[00022] This crowbar circuit commutates the main thyristor X1 using the auxiliary thyristor X2, the LC circuit (Cx and L1 ) and resistor Rm. Prior to turn-on of the thyristor X1 , the capacitor Cx is positively charged (by node 302A), the diode D1 is negatively biased (in the off state) and no component in the circuit carries a significant current. When X1 turns on due to a surge in the input power supply delivered energy, current through resistor Rm creates negative voltage across capacitor Cx, and current starts to build up in the inductor L1 . As a result, an energy storage unit (which may be just the capacitor Cin, shown in FIG. 4) starts discharging through the resistor Rm causing the voltage across the thyristor X2 to start declining as well as anode-to-cathode ("negative") voltage across D1 . [00023] When the voltage across D1 turns positive, D1 turns on and the capacitor Cx starts discharging through the diode D1 and the inductor L1 . As current flows through Cx, L1 and D1 , the input voltage Vi n declines (ν, η = Vex + VDI + VR m ). When Vin drops below the threshold voltage of the input diode Din, Din turns on, current in Cin goes to zero, the inductor L1 current starts declining and Cx is fully recharged to a negative voltage Vcxneg = R m . Subsequently, currents in D1 and Cx drop to zero, currents in Rm, Din and L1 gradually decline, and negative (anode-to-cathode) voltage is applied to X1 while positive (anode-to-cathode) voltage builds up across X2 that remains in the off state. The circuit can remain in this state for the duration of the transient, but the main limitation is a potential loss of voltage across C1 caused by a leakage current. However, the time needed for a substantial loss of charge in a low-leakage high voltage capacitor is in the order of magnitude longer than the duration of practical transients.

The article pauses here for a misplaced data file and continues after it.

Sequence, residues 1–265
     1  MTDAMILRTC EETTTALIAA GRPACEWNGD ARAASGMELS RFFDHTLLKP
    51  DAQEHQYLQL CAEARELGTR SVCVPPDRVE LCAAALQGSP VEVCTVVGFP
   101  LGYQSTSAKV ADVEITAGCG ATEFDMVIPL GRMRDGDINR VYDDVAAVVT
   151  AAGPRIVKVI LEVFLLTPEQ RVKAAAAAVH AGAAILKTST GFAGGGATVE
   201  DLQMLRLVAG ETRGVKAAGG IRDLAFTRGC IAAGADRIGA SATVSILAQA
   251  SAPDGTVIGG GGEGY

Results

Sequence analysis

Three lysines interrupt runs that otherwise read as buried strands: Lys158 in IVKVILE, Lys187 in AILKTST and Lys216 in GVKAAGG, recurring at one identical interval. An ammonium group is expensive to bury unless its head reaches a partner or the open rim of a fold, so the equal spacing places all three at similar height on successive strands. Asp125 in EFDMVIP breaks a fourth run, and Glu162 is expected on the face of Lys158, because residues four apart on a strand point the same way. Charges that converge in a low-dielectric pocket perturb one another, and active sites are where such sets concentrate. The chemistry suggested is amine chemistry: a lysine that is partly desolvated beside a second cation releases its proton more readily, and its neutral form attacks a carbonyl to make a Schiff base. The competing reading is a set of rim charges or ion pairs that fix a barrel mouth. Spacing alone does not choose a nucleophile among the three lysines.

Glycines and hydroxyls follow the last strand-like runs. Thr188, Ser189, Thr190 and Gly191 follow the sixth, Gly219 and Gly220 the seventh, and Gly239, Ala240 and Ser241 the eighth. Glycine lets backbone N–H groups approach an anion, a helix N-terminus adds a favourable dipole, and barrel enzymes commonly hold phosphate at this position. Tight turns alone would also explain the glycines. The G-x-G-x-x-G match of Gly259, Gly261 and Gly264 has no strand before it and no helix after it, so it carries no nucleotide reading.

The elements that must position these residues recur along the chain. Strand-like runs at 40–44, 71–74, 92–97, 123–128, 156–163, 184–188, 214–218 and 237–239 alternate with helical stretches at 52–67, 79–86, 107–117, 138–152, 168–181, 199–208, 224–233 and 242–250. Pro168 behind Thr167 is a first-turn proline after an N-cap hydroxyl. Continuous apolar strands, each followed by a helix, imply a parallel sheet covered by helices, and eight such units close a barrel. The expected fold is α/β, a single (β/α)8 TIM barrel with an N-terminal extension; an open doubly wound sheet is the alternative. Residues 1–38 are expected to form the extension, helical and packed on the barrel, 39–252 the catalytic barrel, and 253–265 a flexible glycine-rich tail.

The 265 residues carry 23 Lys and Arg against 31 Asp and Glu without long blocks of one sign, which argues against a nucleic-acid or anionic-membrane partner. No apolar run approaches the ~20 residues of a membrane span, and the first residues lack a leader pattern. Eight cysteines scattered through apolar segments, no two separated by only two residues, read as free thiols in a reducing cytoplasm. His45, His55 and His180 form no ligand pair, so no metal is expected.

[00024] When the crowbar circuit senses that the transient has dissipated, it turns on the thyristor X2. That in turn applies the negative voltage stored in Cx to X1 (negative voltage is applied to the anode of X1 ) and triggers a discharge of Cx through Laux, D1 and Rm. Notably, the duration of this discharge shall be greater than the time required for X1 to restore its voltage-blocking capability (for thyristors, this time is normally specified as tq). Circuit parameters defining this time interval (Rm, Laux and Cx) are selected according to this requirement. In summary, X1 is turned off when X2 is turned on by the negative voltage across capacitor Cx.